Supporting Abortion Rights is Worse than Holocaust Denial
January 26, 2009 § 11 Comments
So the Pope has lifted the excommunications of the four illicitly consecrated Bishops of the Society of St. Pius X. For those who don’t follow Catholic inside baseball, the SSPX considers itself an ultra-traditionalist group with the goal of attempting to preserve the pre-Vatican II patrimony of the Catholic Church in the face of Vatican II reforms. Assuming I have it right, which I might not because I don’t have an intense interest in the matter, these four Bishops were consecrated – validly, that is to say, they really did sacramentally become bishops – but illicitly, that is, without the juridical permission of Rome. As a result they were excommunicated by Pope John Paul II. It is that excommunication which has been lifted by Pope Benedict XVI.
That is just background for what interests me in particular here, which is the hubbub over the fact that one of the four Bishops is apparently a Holocaust denier. (Note: I haven’t been able to view the video at dotCommonweal as of this writing, but we can stipulate all of this for my purposes here).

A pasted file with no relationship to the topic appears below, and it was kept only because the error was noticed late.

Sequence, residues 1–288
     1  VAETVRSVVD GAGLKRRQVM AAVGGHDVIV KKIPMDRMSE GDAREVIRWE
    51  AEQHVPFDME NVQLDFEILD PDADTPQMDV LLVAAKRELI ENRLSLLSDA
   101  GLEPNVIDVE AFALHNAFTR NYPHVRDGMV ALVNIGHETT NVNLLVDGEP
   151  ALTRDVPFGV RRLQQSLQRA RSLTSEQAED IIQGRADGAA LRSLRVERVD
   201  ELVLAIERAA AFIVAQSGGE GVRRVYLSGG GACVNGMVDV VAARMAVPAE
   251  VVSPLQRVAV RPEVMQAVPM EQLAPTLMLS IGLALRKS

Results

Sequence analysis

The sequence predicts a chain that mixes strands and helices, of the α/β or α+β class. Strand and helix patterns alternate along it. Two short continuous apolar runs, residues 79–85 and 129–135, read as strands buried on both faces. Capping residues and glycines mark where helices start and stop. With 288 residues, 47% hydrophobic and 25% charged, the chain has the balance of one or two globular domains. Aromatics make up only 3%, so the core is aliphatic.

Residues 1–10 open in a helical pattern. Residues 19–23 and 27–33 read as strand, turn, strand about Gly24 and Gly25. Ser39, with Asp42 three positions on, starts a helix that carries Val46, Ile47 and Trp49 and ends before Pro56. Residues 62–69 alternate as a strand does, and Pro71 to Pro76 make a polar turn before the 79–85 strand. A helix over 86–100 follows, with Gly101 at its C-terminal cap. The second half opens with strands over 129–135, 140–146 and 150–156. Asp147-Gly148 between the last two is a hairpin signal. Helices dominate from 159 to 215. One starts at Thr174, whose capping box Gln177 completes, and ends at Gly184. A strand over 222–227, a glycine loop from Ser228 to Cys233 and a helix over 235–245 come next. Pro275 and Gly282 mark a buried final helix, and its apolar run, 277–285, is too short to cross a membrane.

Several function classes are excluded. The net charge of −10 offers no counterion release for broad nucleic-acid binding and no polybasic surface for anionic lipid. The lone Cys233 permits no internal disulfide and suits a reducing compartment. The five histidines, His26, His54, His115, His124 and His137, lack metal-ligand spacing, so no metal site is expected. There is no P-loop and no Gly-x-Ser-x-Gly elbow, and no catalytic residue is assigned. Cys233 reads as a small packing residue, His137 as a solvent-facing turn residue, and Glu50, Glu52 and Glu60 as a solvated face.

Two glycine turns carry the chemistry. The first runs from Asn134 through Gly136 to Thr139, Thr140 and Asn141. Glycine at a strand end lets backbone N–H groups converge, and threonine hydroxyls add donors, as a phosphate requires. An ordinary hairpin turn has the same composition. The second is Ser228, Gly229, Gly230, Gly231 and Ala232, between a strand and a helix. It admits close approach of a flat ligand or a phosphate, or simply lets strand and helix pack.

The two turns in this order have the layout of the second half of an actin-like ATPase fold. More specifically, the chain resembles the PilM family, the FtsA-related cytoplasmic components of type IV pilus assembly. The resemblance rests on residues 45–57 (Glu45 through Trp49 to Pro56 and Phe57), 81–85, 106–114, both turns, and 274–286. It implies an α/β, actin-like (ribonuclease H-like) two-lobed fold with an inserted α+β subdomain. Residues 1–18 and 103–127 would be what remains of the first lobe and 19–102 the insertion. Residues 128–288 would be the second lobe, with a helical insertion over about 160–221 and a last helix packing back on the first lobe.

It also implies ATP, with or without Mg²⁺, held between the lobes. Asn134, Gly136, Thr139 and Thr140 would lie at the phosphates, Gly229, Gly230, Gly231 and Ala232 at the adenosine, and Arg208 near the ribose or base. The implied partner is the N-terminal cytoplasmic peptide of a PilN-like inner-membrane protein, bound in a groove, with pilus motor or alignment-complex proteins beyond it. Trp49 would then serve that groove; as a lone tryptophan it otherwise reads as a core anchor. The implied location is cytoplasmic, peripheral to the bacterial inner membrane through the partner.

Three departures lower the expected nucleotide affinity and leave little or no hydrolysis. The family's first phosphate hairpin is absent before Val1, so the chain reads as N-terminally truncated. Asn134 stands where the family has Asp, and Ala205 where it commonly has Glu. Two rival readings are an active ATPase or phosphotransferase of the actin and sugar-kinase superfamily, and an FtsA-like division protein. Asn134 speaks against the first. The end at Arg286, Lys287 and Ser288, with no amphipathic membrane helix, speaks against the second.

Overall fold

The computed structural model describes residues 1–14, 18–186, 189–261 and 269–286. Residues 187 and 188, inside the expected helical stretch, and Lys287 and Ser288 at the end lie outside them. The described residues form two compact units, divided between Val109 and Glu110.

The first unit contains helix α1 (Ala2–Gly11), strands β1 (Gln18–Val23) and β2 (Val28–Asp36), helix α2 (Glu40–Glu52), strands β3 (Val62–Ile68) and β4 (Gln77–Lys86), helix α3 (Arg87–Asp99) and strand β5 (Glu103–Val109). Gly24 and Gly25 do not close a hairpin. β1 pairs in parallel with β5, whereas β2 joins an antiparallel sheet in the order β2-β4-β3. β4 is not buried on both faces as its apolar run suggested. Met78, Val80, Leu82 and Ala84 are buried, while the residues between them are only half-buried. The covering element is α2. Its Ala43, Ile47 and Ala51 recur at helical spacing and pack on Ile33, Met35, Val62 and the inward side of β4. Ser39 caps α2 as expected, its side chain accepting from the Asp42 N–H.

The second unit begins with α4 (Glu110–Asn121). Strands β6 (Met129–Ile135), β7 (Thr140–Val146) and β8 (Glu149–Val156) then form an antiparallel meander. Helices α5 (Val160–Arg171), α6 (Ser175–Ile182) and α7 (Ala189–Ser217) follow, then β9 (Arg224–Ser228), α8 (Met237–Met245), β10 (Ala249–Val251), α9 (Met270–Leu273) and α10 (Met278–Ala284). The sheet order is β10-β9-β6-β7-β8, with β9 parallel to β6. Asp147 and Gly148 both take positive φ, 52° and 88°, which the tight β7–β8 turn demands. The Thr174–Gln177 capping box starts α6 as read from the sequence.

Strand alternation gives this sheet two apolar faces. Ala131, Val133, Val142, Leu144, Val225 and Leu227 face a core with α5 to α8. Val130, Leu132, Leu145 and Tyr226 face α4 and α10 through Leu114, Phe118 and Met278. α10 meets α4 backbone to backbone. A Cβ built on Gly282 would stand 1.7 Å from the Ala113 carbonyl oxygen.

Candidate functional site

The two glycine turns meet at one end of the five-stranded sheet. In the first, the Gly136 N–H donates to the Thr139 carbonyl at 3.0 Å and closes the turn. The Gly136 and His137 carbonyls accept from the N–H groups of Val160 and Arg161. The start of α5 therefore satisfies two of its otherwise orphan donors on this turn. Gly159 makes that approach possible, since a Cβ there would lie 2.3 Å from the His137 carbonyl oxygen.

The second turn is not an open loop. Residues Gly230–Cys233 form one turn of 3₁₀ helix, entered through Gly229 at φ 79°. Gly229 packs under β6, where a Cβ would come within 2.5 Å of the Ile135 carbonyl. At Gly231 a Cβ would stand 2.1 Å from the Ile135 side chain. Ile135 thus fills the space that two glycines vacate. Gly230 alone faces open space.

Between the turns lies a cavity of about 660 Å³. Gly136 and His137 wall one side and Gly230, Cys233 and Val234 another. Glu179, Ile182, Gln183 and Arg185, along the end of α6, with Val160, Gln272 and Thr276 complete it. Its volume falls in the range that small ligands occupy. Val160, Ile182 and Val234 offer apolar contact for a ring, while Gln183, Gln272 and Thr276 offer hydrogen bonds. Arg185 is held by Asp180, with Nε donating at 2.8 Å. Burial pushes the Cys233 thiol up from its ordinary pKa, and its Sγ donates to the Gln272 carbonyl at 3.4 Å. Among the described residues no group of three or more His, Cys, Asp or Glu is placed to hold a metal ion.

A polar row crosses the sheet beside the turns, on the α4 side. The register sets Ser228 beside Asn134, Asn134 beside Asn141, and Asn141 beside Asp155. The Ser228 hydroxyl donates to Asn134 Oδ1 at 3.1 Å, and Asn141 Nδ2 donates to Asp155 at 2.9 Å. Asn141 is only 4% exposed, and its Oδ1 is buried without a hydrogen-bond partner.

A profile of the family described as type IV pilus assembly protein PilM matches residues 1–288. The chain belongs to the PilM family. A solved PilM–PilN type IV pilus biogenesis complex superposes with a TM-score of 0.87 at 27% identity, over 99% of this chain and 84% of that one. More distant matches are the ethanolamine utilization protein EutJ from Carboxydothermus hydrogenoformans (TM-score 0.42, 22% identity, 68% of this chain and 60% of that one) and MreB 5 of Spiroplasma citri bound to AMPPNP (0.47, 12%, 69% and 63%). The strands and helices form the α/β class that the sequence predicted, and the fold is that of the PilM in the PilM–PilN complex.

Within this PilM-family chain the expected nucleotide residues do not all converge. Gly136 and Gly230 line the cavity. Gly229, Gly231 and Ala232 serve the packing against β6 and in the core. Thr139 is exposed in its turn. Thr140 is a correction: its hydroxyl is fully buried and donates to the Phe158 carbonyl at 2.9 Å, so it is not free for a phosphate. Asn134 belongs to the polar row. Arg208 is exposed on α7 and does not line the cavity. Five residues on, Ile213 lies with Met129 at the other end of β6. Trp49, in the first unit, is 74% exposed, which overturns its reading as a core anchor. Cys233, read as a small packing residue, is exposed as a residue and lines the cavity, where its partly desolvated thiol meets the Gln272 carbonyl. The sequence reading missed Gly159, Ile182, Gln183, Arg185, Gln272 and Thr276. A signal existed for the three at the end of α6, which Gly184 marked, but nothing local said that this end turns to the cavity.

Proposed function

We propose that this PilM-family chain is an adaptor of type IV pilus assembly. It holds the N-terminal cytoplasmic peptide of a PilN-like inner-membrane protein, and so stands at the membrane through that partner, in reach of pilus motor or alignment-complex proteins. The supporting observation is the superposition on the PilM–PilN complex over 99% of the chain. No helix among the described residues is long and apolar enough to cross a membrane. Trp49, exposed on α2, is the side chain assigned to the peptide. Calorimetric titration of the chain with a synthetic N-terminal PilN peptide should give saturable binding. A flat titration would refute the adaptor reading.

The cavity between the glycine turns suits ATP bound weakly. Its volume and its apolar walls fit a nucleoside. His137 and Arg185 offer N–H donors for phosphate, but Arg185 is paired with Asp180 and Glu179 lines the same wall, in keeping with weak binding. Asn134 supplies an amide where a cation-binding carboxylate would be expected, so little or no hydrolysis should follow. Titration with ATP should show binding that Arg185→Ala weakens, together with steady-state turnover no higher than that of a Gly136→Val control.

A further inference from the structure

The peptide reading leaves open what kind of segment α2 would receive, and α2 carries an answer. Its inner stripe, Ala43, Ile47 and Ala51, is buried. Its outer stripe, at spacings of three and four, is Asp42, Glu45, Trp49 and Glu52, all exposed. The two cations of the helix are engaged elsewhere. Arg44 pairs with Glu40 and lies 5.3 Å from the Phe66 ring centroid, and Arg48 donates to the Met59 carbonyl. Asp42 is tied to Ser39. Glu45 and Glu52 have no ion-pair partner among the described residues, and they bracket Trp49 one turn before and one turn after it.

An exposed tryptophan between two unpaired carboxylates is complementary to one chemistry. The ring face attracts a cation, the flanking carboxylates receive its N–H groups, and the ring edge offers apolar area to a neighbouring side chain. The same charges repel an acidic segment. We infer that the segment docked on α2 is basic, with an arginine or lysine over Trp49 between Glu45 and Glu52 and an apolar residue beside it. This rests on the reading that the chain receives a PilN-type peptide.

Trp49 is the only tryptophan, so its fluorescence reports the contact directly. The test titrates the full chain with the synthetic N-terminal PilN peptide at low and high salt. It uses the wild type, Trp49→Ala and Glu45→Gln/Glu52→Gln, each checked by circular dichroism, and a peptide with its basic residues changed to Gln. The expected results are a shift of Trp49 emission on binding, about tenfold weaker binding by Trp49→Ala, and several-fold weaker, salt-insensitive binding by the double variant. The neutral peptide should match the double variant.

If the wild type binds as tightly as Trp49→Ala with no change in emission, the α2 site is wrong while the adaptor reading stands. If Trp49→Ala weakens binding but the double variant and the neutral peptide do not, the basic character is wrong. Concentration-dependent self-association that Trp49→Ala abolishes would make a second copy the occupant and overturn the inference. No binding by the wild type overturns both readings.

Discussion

Now Bishop Williamson was not excommunicated for being a Holocaust denier: he was excommunicated for his deliberate illicit consecration as a Bishop. The one really has nothing to do with the other. Nevertheless, and understandably, lifting his excommunication has created a bit of a storm. Many people feel that Holocaust denial is so gravely immoral – not to mention loopy – that it warrants excommunication in itself; and I am sympathetic to this view.
However, that directly raises the general question of what moral wrongs are so gravely wicked that they warrant excommunication. Keep in mind that even a serial killer is not excommunicated on account of being a serial killer: he may be damned, if he does not repent, but he is not excommunicated.
Holocaust denial is inexcusably crazy and wicked, but it does not involve advocacy and support of an existing legal right to murder Jews. Furthermore, it is not Catholic doctrine that some historical event such as the American Revolution, the Civil War, the moon landing, or the Holocaust actually occurred. On the other hand, opposition to a legal right to abortion is Catholic doctrine. So if the time has come to start excommunicating the wicked – a proposition about which I reserve judgment – they had better get in line behind the heretics.